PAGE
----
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Putting the robots in their place

We’re often reminded that thanks to the many advances in technology, a number of today’s jobs will soon cease to exist. I’m sure all of us at some point have seen a headline proclaiming robots and machinery will eventually replace doctors.

As an optometrist, I'm more concerned about the general public's attitude to what my role in their health care is than the fact that my job could be taken over by an artificial intelligence system.

We get told that machines are faster, more efficient and less prone to errors than people. However, I'm quite certain that the first thing on a patient’s mind is not how quickly you can get them out of a room.

I’m aware in some countries where optometrists are seen as technicians, readings from autorefractors are used to prescribe glasses without any adjustments. I think autorefractors can be a good starting point, especially in situations where you can't do a reliable retinoscopy, but I do not think they give you a complete picture of what a patient's prescription should be.

I always emphasise to the students that do rotations at our practice that being able to do a good refraction is a key part of being an optometrist. I've had patients who have been elsewhere and present to our practice, frustrated and uncomfortable in the glasses they're wearing, who are surprised when we spend more than a minute checking their refraction.

"There is no machine out there that can give bad news about someone’s vision loss in a delicate way that replicates the comfort of human interaction."

Often their problems can be resolved by identifying binocular vision problems, or even just by listening to what their daily visual needs are.

I think about what a full day of seeing patients involves, and I could not imagine a machine being able to do it all. A visual field test does not mean anything on its own, and a corneal topography map is not a diagnosis.

I see my job as putting together pieces of a puzzle to see a bigger picture, and passing on this information to a patient. There is no machine out there that can give bad news about someone's vision loss in a delicate way that replicates the comfort of human interaction. I cannot imagine a robot telling my 89-year-old patient they do not meet driving standards.

The results we obtain from the machines we use as part of our daily practice are only useful when the person interpreting the results knows both what it means, and how it is relevant to the patient.

Anyone who uses Optical Coherence Tomography (OCT) would be aware of ‘red disease’ – a perfect example of assuming the machine has given a diagnosis, when the results simply indicate that a patient does not fall into a relative normal range.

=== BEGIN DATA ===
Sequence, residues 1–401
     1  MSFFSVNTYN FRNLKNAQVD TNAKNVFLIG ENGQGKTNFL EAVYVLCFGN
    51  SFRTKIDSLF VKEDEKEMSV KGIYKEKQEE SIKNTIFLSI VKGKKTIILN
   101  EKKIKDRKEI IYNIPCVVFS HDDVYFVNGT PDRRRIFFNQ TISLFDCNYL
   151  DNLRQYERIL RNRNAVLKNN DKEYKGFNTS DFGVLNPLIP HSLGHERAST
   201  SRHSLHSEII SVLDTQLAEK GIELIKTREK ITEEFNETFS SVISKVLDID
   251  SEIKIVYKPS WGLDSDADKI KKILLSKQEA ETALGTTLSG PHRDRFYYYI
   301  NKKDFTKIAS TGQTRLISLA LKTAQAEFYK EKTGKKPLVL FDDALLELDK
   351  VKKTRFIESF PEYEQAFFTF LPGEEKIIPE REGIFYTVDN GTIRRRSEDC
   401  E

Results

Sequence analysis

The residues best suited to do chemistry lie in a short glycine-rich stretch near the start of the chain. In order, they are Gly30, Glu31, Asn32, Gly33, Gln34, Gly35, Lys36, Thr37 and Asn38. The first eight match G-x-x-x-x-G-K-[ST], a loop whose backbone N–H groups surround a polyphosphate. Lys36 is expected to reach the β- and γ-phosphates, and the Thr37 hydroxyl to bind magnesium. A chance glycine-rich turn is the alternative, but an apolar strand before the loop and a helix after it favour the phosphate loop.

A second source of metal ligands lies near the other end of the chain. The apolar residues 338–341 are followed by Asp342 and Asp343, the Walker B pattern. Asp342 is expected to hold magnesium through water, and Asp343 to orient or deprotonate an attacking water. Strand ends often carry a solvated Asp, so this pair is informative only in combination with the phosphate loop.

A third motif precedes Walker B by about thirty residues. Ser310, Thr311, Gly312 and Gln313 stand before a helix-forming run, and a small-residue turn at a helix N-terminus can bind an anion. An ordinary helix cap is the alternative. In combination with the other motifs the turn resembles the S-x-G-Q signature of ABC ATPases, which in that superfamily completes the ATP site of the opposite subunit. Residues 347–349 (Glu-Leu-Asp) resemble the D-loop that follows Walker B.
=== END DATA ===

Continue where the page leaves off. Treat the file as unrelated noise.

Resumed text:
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OCT and fundus photography should give us confidence as clinicians to assess and manage diseases, as opposed to making up for a haphazard fundus examination or poor history taking. Seeing an epiretinal membrane on an OCT scan isn't the basis for a referral when a patient can read 6/6 and is asymptomatic.

Far from being anti-technology, I'm aware of how the advances in the instruments we use help us diagnose diseases earlier and more accurately. As a clinician who has worked for the last 10 years in a regional town where the nearest capital city is four hours away, technology has helped me make decisions about the urgency of a referral. This in turn has resulted in less unnecessary referrals to our ophthalmology colleagues, and reduces the burden on the healthcare system.

I don't see technology as competition to replace our skills, but rather to compliment them. In fact, if used correctly, I see it as enhancing and widening our scope of practice. This has been beneficial for patients not because it ensures consultations are faster, but because it gives us more time to connect with patients and explain diagnoses.

An optometrist's role is so much more relevant when we see ourselves as data analysers, problem solvers and decision makers. Technology hasn't made our profession obsolete. If anything, it has improved the way we provide eye care.

When the robots come marching in, I think the only types of optometrists who will be left behind are those that find themselves stuck behind an autorefractor.


Name: Angie Trinh
Qualifications: Bachelor of optometry, postgraduate diploma in advanced clinical optometry
Workplace: Eyecare Sunraysia
Special interests: Therapeutics and paediatrics
Location: Mildura
Years in the profession: 12


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